|Don’t write off the Kiwis just yet – the Black Caps ended day two in the driving seat after a magnificent bowling display and a 153-run lead [GALLO/GETTY]|
New Zealand’s hopes of claiming a first Test win on Australian soil since 1985 soared on Saturday as the tourists grabbed a 153-run lead at the end of a dramatic second day’s play in the second Test in Hobart.
After skittling Australia for 136, New Zealand made 139 for three in their second innings with skipper Ross Taylor set to resume on Sunday on 42 alongside Kane Williamson (34).
With the lively greentop pitch ruthlessly punishing batting errors and rewarding good bowling, 23 wickets had fallen in just over five sessions of the Test and the first-innings 56 from New Zealand’s Dean Brownlie was the only batting tally of note.
Early in the day it looked like Australia might even struggle to beat the 47 they made against South Africa last month as the New Zealand bowlers ripped through their top and middle orders.
Chris Martin celebrated his 37th birthday with 3-46, Doug Bracewell grabbed 3-20 and debutant Trent Boult 3-29 as the New Zealand quicks made the most of the movement offered by the wicket and gave the Black Caps a real chance of winning their first Test in Australia in 26 years.
A stand of 56 for the eighth wicket from Peter Siddle (36) and James Pattinson (17), however, rescued the Australians from 75 for seven and ensured they would at least better their lowest score of 103 against New Zealand.
The hosts, who won the first Test in Brisbane by nine wickets, had resumed on 12-1 looking to build a big score but ended up scratching for runs as wickets fell with metronomic regularity.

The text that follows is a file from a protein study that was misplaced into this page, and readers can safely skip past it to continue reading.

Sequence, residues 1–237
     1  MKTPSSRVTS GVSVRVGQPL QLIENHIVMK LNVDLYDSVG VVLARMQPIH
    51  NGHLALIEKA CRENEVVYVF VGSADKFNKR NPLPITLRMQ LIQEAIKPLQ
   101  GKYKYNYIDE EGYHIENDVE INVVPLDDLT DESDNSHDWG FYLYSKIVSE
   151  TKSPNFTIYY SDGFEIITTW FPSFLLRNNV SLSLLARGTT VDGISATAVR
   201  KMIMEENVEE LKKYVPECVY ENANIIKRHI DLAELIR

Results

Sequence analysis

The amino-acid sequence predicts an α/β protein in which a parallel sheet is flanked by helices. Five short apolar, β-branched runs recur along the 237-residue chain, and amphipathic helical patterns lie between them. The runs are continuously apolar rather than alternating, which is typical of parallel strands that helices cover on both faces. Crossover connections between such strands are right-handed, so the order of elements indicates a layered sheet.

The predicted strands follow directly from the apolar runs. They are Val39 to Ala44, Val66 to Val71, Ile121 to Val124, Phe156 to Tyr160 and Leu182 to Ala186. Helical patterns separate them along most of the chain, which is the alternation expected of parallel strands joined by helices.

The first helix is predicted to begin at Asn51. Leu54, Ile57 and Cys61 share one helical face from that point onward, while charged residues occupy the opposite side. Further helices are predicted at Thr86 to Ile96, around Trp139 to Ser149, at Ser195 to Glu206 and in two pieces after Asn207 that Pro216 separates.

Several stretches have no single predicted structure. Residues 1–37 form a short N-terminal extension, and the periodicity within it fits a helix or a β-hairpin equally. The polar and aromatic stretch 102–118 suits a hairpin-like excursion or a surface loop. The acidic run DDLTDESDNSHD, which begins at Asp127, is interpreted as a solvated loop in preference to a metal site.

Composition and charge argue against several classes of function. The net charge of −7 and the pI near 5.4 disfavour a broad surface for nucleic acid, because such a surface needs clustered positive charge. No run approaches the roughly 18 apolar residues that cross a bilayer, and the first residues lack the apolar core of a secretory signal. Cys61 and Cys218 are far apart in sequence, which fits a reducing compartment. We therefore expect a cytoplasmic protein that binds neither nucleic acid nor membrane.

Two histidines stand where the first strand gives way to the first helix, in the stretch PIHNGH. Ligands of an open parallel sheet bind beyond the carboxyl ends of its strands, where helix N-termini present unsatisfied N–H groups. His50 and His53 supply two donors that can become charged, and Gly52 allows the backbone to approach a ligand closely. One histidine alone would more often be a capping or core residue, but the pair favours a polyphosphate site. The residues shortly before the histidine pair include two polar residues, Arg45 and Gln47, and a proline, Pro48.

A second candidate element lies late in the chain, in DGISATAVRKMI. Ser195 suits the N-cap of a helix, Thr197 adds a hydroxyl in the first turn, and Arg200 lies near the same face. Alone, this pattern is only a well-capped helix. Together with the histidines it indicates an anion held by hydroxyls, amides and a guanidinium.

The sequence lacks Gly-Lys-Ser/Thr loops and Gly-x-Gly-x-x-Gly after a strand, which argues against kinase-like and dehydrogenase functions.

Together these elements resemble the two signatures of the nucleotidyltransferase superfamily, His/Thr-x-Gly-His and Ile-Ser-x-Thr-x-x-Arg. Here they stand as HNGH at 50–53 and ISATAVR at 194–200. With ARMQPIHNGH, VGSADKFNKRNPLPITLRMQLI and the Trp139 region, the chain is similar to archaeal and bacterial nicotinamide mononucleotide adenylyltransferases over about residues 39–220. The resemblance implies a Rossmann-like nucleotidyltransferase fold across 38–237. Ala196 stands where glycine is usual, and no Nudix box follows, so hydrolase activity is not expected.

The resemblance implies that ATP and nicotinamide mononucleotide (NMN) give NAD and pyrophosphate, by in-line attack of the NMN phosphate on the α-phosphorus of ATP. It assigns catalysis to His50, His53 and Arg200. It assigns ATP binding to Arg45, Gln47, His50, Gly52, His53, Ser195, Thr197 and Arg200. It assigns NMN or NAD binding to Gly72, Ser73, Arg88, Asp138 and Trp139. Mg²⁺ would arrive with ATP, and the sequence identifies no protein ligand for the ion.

Opener David Warner was the first to go for 15, driving at a full Martin delivery but only managing to edge the ball to Taylor in the slips.
|Second day scorecard|
Australia first innings (overnight 12-1)
New Zealand second innings
M Guptill c Haddin b Siddle 16
Local favourite Ricky Ponting had accumulated five runs before Tim Southee trapped him lbw, a decision so clear the former Australia captain was walking back to the pavilion before the umpire’s finger was raised.
Martin claimed his second wicket of the morning when Usman Khawaja, who had made seven off 51 balls, got a nick to an outswinger and wicketkeeper Reece Young took the catch.
Boult snared his first Test wicket to account for Mike Hussey, caught by Young for eight, before wicketkeeper Brad Haddin smacked the ball to Brendon McCullum at mid-off from the bowling of Doug Bracewell for five.
Australian skipper Michael Clarke, who hit a century in the first Test, had grafted hard for 22 when he became Bracewell’s second victim, leaving an inswinger only to see the ball knock his off-stump out of the ground.
Sensible batting from Siddle and Pattinson allowed Australia to inch towards New Zealand’s first innings total of 150 before they were removed in successive overs.
Siddle got an edge to a Bracewell delivery and was caught in the slips by Martin Guptill before Kane Williamson took a beautiful low catch at gully to remove Pattinson off left-armer Boult.
Boult ended the Australia innings 14 runs behind the tourists, trapping Mitchell Starc lbw for four with umpire Asad Rauf forced to reverse his decision after a review of the television pictures.
New Zealand openers McCullum and Guptill negotiated 10 tricky overs before tea but both were gone within three overs of the resumption.
Pattinson, who took 5-51 in the first innings, added to his burgeoning reputation by tempting McCullum to edge the ball to Phil Hughes in the slips for 12.
In the next over, Siddle had Guptill caught behind by Brad Haddin and the Australian wicketkeeper was also responsible for the third wicket down.
Hussey had already had Taylor dropped at slip by the embattled Hughes when he beat Jesse Ryder down the leg side and Haddin reacted brilliantly to stump the batsman for 16.